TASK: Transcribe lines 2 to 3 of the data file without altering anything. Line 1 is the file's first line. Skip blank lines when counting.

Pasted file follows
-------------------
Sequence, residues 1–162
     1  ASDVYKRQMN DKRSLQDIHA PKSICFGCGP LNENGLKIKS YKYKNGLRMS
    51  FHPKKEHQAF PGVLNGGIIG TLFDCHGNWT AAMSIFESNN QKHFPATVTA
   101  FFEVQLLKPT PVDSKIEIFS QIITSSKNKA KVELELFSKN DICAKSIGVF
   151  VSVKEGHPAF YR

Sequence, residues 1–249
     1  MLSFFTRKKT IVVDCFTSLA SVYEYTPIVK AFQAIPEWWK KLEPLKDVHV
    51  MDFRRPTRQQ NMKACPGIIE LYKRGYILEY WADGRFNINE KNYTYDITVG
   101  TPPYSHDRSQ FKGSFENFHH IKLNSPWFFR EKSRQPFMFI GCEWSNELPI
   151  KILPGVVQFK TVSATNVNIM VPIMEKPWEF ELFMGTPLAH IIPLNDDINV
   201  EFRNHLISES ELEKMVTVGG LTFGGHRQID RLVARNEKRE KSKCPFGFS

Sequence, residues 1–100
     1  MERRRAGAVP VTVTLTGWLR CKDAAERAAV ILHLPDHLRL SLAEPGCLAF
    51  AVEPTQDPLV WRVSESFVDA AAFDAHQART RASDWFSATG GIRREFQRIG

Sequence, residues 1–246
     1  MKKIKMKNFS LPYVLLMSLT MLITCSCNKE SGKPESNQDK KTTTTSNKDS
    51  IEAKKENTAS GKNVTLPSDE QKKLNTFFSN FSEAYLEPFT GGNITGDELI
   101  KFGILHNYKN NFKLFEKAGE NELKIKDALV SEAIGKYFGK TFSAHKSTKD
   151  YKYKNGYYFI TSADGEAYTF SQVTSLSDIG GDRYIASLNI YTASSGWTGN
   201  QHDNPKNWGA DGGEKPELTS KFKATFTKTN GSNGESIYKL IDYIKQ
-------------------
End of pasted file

     1  ASDVYKRQMN DKRSLQDIHA PKSICFGCGP LNENGLKIKS YKYKNGLRMS
    51  FHPKKEHQAF PGVLNGGIIG TLFDCHGNWT AAMSIFESNN QKHFPATVTA